“A sole public practitioner can for example lose his or her good reputation due to not complying. Often they know it is time to make changes but can’t bring themselves to do so.”
Stickney says isolation of members can also cause problems.
“We have seen members who are isolated, perhaps they have no extended family to guide them through retirement. And they could be having health problems and not coping. But unfortunately, they do not recognise that these issues are affecting their professional responsibilities”.
These cases are particularly difficult as a compassionate response is needed but there is also a disciplinary process required due to negligence or incompetence.
Members should think about good succession planning for their business.
While isolation can be a particular factor for members in rural areas because of the lack of potential successors around to step in, it can also come into play in suburban firms. In the corporate sector however, it is more likely an elderly member can taper down the workload or will pick up suggestions from colleagues about appropriate adjustments to workload.
Stickney says members should think about good succession planning for their business and putting in place power of attorney arrangements. In New Zealand, that’s something that the Chartered Accountants ANZ regulation team will assist members with.
“They also need to think about succession planning when they are appointed under wills or trusts. This is a particular issue if you’ve got an elderly client who has appointed a member when the will was drafted in the 1970s or 1980s. The client ages, as does the member, and by the time that estate comes into effect perhaps that member is not the right person to be the executor.”
Members should ensure they are not left out on their own when the going gets tough or life events interfere with their ability to do their job. Stickney says they ought to network with other accountants, join special interest groups through Chartered Accountants ANZ and other groups that enable them to meet people who could potentially succeed them. And most importantly, ask for support if they are struggling.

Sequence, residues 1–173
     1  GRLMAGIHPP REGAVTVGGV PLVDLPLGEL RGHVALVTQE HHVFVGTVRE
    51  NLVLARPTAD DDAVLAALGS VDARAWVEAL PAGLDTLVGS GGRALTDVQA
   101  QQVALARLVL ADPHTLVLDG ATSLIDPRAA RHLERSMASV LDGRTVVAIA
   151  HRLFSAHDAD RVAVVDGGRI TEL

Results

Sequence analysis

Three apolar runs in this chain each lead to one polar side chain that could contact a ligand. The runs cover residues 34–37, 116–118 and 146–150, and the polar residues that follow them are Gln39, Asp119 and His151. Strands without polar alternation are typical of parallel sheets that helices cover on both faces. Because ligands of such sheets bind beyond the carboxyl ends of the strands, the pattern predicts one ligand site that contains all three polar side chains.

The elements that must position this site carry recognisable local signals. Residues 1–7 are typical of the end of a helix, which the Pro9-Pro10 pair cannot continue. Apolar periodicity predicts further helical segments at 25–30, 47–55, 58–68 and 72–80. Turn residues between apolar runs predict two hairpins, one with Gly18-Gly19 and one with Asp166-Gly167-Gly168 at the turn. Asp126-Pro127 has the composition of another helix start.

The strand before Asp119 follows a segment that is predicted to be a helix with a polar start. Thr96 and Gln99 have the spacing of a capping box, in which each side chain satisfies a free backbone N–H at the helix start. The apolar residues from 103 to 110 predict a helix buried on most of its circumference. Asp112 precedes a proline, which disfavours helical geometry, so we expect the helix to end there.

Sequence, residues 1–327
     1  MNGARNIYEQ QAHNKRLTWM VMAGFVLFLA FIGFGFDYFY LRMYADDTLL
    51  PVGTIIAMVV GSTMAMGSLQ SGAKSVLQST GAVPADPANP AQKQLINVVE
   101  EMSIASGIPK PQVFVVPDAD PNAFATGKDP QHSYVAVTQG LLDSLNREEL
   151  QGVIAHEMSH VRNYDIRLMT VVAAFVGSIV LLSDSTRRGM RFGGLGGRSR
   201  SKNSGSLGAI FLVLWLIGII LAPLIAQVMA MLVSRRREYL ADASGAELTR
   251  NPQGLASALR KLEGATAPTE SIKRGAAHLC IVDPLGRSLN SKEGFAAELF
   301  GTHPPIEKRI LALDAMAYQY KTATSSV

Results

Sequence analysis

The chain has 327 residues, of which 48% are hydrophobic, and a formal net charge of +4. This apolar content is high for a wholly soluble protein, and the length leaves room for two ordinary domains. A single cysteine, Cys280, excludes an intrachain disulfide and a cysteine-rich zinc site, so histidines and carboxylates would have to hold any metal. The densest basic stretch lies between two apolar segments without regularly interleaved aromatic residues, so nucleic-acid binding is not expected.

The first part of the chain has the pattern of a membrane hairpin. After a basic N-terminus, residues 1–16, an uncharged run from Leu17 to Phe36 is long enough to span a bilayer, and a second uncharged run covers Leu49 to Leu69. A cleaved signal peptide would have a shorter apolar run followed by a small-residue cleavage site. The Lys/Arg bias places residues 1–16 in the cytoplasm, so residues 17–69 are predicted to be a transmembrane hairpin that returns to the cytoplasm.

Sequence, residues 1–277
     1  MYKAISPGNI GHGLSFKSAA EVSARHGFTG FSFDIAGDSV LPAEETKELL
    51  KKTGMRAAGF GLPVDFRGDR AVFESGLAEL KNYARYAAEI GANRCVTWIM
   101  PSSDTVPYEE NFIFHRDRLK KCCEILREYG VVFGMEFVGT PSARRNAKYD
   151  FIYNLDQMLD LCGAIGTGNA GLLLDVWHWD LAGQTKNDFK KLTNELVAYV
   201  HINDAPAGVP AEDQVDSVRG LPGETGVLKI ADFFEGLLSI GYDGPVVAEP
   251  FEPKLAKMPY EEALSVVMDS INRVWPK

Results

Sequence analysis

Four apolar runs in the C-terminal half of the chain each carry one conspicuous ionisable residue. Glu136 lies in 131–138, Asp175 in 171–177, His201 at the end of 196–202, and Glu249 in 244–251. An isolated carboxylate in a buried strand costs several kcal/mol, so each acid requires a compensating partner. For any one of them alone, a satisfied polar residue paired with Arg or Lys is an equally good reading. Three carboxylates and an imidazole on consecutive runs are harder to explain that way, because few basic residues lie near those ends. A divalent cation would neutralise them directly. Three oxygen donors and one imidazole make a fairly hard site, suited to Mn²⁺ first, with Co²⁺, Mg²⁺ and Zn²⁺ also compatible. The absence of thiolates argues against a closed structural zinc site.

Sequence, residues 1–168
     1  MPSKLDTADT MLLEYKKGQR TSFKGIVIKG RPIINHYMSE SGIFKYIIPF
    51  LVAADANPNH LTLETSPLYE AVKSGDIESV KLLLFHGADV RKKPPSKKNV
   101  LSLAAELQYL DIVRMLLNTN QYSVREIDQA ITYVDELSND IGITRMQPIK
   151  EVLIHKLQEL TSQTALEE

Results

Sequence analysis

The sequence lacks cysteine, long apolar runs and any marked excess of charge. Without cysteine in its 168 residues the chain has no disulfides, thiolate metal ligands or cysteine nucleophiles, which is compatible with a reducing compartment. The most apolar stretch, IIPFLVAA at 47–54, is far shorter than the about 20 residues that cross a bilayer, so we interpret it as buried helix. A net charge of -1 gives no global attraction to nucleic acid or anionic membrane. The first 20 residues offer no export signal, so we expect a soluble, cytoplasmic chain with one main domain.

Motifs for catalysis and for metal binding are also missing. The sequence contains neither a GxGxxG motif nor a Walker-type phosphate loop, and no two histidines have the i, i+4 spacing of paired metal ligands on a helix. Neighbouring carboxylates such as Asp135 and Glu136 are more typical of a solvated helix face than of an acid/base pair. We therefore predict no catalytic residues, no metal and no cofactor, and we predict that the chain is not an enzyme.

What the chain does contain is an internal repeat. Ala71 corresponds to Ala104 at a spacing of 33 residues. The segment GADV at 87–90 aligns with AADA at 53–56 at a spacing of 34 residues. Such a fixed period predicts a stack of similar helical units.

In cases where there are serious mental health issues, some disciplinary outcomes include the requirement for ongoing psychiatric assessments which are reported to the PCC so they can monitor the member’s fitness to practise.
Isolation can be a particular factor for members in rural areas because of the lack of potential successors around to step in.
“Members can also be required to have mentoring to ensure that they are maintaining their professional responsibilities,” says Stickney.
“It is hard for people who are dealing with mental health issues, they might have all sorts of ebbs and flows in their stability but they can have productive careers and be supported through that.”
In the greater scheme of things, says Stickney, these members can find such mentoring a positive experience.
“They are mindful of the need to maintain their mental and medical wellbeing and the impact that can have professionally.”
Dixon says it is important that members, particularly those in sole practice, put in place arrangements for both temporary and permanent incapacity with a “caretaker” practitioner agreement. This agreement should include factors such as professional indemnity insurance arrangements, revenue sharing, and how to evaluate whether the practitioner is able to return to operate the business and service the clients.